Yesterday, my friend, Dr. Janet G, emailed me and said, “that may be we are free-er than we think we are.” She recalled the things she did this time in the past two years and found they are incomparable to the things she loves and enjoys doing now. She hardly feels restricted in one form as there are many other things she can do. It got me thinking that this is quite true with me. This past year had gone by fast because there were so many changes and exciting things to do.
I woke up Monday morning to find a message from my daughter, Seluvaia from New Zealand, informing me of our beloved aunt Vea (paternal uncle Viliami’s wife). My father’s two youngest brothers and their families live in subdivisions in the family Lot. Although they are extended families to us, they are part of our immediate family. The extended family in the Tongan community’s fabric is as close as the immediate family. They physically live in the same house or same land allotment, or the same village. Family events like funerals and weddings can draw the extended families from other towns and islands to gather and support and be there for one another for family events. They are family reunion events. Because of covid-19, Tonga is still covid free, and they had locked down their borders from outside visitors. They allow only two flights a month in and out of the country. Thanks to worldwide communication, the funeral service was live-streamed by the family yesterday for their two sons in New Zealand. It also allows me to watch the funeral service, which was at our village’s church ( Free Wesleyan Church building).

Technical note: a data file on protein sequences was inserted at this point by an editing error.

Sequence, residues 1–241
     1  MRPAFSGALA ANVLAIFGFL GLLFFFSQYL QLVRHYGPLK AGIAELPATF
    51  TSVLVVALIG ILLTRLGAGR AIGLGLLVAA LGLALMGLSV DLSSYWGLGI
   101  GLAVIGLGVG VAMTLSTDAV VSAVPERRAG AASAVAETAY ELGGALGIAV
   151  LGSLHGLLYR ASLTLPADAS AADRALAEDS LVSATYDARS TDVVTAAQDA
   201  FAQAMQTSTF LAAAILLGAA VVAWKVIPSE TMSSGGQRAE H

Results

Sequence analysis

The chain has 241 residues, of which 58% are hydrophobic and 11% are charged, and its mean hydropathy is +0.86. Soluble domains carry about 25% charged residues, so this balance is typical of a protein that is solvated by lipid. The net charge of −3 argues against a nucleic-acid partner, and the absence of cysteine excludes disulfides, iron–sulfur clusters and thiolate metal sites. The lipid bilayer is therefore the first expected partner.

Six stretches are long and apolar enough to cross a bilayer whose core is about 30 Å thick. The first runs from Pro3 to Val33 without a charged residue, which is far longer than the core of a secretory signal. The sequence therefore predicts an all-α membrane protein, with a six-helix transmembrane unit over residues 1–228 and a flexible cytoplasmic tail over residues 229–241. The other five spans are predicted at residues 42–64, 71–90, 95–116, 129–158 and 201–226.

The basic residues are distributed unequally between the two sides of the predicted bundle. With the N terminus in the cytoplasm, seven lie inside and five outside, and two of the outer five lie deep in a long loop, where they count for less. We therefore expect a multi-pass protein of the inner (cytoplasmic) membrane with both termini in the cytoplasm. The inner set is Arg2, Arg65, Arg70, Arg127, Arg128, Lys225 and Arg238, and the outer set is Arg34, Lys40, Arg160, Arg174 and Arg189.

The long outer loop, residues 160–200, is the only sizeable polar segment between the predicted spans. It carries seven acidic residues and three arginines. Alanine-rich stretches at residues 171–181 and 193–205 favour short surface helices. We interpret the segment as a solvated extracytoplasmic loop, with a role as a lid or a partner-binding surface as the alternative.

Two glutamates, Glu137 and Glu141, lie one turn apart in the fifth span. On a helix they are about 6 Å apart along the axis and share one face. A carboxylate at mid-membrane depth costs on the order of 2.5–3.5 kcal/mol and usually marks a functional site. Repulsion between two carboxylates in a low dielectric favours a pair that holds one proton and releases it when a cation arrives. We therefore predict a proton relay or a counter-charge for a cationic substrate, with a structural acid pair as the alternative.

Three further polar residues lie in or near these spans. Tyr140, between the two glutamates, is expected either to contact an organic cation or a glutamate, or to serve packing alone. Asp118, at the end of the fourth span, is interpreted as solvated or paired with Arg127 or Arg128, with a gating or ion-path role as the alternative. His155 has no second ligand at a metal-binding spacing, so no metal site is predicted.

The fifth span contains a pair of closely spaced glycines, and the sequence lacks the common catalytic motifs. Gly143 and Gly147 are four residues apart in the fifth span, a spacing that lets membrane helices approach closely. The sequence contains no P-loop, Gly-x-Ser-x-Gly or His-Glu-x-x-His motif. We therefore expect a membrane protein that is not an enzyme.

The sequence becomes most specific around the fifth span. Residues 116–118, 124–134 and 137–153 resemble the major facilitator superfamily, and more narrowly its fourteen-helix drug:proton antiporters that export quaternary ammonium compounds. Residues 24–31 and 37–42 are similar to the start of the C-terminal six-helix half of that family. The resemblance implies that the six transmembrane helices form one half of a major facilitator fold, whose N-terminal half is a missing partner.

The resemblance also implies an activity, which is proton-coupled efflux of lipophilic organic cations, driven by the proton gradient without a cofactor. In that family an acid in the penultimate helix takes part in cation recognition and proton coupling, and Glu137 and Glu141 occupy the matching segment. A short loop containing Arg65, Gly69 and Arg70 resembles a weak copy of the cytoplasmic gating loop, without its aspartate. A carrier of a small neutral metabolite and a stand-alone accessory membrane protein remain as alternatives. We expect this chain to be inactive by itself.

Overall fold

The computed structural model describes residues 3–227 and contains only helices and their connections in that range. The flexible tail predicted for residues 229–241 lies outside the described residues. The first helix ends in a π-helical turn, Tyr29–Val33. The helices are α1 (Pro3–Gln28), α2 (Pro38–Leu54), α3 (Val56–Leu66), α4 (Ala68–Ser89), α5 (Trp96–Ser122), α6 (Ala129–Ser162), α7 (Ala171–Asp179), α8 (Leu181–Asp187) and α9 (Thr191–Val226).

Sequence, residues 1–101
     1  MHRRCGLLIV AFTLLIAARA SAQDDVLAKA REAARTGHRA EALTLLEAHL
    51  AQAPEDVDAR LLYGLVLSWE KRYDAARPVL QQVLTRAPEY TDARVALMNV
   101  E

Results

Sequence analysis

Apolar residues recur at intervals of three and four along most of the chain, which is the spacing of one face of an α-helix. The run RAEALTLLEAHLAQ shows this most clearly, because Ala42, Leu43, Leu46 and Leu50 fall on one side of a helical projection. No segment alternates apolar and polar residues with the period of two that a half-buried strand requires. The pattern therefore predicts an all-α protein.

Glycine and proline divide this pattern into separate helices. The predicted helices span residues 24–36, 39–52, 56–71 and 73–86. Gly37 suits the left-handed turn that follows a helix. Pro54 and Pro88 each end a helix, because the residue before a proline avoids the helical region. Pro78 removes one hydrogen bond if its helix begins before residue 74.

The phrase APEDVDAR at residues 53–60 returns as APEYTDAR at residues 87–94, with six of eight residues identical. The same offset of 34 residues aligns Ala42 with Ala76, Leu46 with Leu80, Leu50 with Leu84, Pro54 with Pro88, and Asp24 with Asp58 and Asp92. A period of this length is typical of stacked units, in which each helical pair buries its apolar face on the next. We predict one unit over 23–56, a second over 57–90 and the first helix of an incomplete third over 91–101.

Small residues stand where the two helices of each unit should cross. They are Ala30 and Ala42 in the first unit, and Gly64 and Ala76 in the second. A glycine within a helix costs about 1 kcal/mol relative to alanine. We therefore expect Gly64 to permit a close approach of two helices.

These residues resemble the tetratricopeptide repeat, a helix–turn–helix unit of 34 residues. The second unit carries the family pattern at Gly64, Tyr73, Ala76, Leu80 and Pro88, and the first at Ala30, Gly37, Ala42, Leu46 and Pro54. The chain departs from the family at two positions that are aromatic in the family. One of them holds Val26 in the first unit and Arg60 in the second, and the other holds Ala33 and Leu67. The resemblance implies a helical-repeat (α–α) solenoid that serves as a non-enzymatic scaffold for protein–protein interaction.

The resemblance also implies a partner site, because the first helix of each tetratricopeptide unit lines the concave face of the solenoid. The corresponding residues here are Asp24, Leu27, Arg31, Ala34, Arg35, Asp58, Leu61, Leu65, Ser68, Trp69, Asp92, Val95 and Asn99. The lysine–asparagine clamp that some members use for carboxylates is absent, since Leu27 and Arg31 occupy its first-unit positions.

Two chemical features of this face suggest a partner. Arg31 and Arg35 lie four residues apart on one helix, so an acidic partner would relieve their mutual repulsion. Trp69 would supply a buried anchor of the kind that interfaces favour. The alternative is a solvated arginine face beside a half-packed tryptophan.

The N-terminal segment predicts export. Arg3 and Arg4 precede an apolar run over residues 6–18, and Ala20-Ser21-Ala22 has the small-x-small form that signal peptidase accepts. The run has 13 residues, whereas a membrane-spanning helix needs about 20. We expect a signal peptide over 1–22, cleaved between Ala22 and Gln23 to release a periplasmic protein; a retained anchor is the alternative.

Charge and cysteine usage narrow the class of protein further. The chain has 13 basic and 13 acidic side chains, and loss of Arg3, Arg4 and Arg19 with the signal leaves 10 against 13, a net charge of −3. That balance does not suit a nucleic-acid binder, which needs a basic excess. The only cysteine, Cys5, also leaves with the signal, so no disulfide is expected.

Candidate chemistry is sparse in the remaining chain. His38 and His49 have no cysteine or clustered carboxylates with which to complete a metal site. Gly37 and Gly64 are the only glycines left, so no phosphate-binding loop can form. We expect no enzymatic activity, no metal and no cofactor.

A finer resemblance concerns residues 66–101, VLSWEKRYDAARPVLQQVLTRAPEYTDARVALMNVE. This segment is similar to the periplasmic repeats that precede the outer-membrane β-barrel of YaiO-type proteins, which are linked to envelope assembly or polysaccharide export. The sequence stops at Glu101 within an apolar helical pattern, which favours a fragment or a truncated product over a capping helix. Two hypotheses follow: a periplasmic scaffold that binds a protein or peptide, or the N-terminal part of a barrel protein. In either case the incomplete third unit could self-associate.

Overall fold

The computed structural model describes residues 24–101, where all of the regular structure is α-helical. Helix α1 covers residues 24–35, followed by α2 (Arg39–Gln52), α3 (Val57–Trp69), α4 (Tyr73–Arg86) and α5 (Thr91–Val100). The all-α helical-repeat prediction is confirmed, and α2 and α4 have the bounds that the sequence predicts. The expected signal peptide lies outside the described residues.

My eyes were blinded with tears to see the faces of my aunts, uncles, and cousins. I saw my seventy-one-year-old frail uncle, SeleUaine (great grandfather’s name), the village people, and Pastors, most of them soaking wet from the rain. They all gathered in the church on this rainy day to honor aunt Vea’s life. The sound of hymns sung in acapella reminds me of the old familiar sound of soulful songs in community worship; my heart unconsciously had missed.
It was heartwarming and encouraging because the community is there for the family. The church choir was fantastic. It was still raining when they left the church to the graveyard. The procession to the cemetery was on foot, for the cemetery is not far from the church. As a Tongan custom, we mourn and show respect for the departed person by wearing black for ten days or longer when we are out in public with a particular funeral mat around our waist.
Pre-Covid time, I had met many of the people in my village when I attended my relative’s funerals in the neighboring states. Attending funerals is an unexpected expense and takes time off work; I find watching a funeral in a live stream on a smart TV from my living room’s comfort is more freeing with no expense than attending the funeral.
Although some restrictions limit us from physical gathering in places, we find ourselves busy doing what we probably would have time to do and experience pre-covid times. I believe this is true for many of us, too, I have spent more time on my knees in prayers. Amen.
Pastor Kalina Malua Katoa